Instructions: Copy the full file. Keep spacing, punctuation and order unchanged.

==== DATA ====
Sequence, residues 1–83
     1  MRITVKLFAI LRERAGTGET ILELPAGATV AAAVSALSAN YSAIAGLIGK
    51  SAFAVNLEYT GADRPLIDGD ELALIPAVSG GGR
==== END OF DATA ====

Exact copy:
Sequence, residues 1–83
     1  MRITVKLFAI LRERAGTGET ILELPAGATV AAAVSALSAN YSAIAGLIGK
    51  SAFAVNLEYT GADRPLIDGD ELALIPAVSG GGR